If you’ve ever wondered about the three-digit numbers that appear when you’re surfing the web, you’ve come to the right place. These are HTTP status codes, crucial for the web browsing experience. Understanding these codes can assist in troubleshooting issues and optimizing your website for improved performance and user experience.
HTTP, or Hypertext Transfer Protocol, is the backbone of data communication on the World Wide Web. The HTTP status codes are the server’s communication method, informing you about the outcome of a page view request. These codes fall into few categories, ranging from 2xx (successful responses) to 5xx (server error responses). Each category provides specific information about the request’s status.
In this post, we’ll dissect the most common HTTP status codes, explaining what they actually mean.
This is the standard response for successful HTTP requests. The actual response will depend on the request method used. For example, a
GET request might retrieve data, while a
POST request might update it.
The request has been accepted for processing, but the processing has not been completed. The request might or might not eventually be acted upon, as it might be disallowed when processing actually takes place.
206 Partial Content
The server is delivering only part of the resource (byte serving) due to a range header sent by the client.
300 Multiple Choices
Indicates multiple options for the resource that the client may follow.
301 Moved Permanently
This means that the URL of the requested resource has been changed permanently. The new URL is given in the response.
304 Not Modified
Indicates that the resource has not been modified since the version specified by the request headers
307 Temporary Redirect
In this case, the request should be repeated with another URI; however, future requests should still use the original URI.
4xx Client Errors
400 Bad Request
This status code indicates that the server could not understand the request due to invalid syntax.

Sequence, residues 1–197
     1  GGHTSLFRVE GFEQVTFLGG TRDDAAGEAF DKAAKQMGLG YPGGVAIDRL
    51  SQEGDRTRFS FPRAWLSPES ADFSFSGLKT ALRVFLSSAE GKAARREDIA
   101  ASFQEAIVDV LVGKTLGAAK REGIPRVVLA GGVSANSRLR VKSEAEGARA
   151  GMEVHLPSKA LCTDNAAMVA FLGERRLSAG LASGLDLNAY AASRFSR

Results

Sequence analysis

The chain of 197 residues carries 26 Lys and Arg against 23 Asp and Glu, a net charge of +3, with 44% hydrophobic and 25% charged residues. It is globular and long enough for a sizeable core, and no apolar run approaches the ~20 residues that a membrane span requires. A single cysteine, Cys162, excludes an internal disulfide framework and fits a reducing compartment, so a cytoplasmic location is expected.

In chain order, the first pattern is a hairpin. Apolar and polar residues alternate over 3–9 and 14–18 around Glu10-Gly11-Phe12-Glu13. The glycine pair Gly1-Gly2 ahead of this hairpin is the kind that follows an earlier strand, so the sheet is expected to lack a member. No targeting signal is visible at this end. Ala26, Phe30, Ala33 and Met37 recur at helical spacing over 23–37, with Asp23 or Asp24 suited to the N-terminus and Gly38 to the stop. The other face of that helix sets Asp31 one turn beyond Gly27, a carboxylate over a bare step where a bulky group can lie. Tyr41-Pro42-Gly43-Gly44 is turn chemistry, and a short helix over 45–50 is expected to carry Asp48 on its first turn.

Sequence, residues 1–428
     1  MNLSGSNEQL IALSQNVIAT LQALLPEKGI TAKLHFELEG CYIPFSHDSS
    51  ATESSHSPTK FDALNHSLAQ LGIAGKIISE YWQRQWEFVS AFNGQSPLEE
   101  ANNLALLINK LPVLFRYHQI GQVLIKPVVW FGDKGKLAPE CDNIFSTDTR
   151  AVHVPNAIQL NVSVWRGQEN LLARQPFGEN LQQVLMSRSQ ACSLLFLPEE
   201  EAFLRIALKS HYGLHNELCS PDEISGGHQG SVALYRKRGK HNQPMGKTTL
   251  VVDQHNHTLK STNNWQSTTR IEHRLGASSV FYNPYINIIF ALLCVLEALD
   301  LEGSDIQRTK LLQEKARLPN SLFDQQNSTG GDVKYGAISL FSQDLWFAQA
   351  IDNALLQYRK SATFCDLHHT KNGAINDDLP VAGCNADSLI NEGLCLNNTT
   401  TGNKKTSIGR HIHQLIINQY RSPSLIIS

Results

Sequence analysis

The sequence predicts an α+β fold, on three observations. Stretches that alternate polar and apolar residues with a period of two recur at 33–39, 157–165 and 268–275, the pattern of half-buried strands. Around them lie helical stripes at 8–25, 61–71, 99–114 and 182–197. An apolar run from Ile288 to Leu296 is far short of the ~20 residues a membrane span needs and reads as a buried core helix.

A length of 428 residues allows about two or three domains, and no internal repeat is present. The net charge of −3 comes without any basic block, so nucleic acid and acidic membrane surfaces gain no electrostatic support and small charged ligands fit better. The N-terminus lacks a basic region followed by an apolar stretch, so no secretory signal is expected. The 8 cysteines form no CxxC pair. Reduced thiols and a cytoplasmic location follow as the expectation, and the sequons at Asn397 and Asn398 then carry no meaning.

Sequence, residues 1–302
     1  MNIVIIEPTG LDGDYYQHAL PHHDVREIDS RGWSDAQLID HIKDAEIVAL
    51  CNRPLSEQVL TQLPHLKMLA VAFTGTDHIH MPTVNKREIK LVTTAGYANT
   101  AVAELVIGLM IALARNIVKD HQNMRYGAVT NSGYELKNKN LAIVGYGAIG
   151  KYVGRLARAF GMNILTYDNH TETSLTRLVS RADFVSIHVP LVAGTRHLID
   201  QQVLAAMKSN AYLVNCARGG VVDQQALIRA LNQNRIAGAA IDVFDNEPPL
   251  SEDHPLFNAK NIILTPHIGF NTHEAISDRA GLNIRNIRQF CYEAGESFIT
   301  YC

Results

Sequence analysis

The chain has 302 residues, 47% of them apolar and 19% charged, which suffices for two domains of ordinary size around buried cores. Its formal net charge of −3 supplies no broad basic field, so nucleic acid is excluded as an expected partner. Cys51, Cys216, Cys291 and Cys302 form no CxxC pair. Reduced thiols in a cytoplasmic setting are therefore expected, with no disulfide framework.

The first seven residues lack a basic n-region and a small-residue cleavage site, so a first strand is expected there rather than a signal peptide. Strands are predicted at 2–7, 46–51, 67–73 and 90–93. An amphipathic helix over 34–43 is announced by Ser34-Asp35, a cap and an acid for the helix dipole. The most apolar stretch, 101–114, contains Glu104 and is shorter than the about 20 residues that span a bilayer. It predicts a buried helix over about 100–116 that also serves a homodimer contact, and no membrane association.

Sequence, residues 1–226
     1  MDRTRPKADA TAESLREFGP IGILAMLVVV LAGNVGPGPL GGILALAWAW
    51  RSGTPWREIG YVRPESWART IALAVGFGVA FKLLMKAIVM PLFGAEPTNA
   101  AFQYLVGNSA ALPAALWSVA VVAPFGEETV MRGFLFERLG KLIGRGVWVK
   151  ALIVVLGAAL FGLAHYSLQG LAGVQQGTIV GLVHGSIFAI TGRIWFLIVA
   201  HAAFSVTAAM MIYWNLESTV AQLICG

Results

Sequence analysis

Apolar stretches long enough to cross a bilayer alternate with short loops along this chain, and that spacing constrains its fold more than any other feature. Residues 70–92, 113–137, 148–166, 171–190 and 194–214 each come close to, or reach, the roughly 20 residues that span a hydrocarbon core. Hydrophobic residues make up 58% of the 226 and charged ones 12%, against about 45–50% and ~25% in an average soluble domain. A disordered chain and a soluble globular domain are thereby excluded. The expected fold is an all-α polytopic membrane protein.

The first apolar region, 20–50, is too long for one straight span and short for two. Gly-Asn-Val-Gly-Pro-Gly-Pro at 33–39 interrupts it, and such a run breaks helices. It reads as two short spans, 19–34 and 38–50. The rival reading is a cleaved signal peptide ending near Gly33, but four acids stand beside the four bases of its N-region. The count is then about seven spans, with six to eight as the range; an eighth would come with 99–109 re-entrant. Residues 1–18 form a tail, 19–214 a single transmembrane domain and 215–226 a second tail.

This means the client must authenticate itself to get the requested response.
The client does not have access rights to the content; that is, it is unauthorized, so the server is refusing to give the requested resource.
404 Not Found
The server can not find the requested resource. This status code can be used when the server does not wish to disclose whether it has the requested information.
408 Request Timeout
The server timed out waiting for the request. According to HTTP specifications: “The client did not produce a request within the time that the server was prepared to wait. The client MAY repeat the request without modifications at any later time.”
429 Too Many Requests
The user has sent too many requests in a given amount of time (“rate limiting”).
5xx Server Errors
500 Internal Server Error
The server encountered an unexpected condition that prevented it from fulfilling the request.
502 Bad Gateway
The server was acting as a gateway or proxy and received an invalid response from the upstream server.
503 Service Unavailable
The server is not ready to handle the request. This can occur if the server is down for maintenance or overloaded.
504 Gateway Timeout
The server was acting as a gateway or proxy and did not receive a timely response from the upstream server.
507 Insufficient Storage (WebDAV; RFC 4918)
The server is unable to store the representation needed to complete the request.
We’ve come a long way in our journey to understand HTTP status codes. From the informational 1xx codes to the dreaded 5xx server errors, we’ve covered the basics of what you need to know about these essential elements of web communication.
Remember, while encountering certain status codes like 404 Not Found or 500 Internal Server Error can be frustrating, they are there to help you understand what’s going wrong. As a website owner or developer, these codes can provide valuable insight into areas of your site that need attention.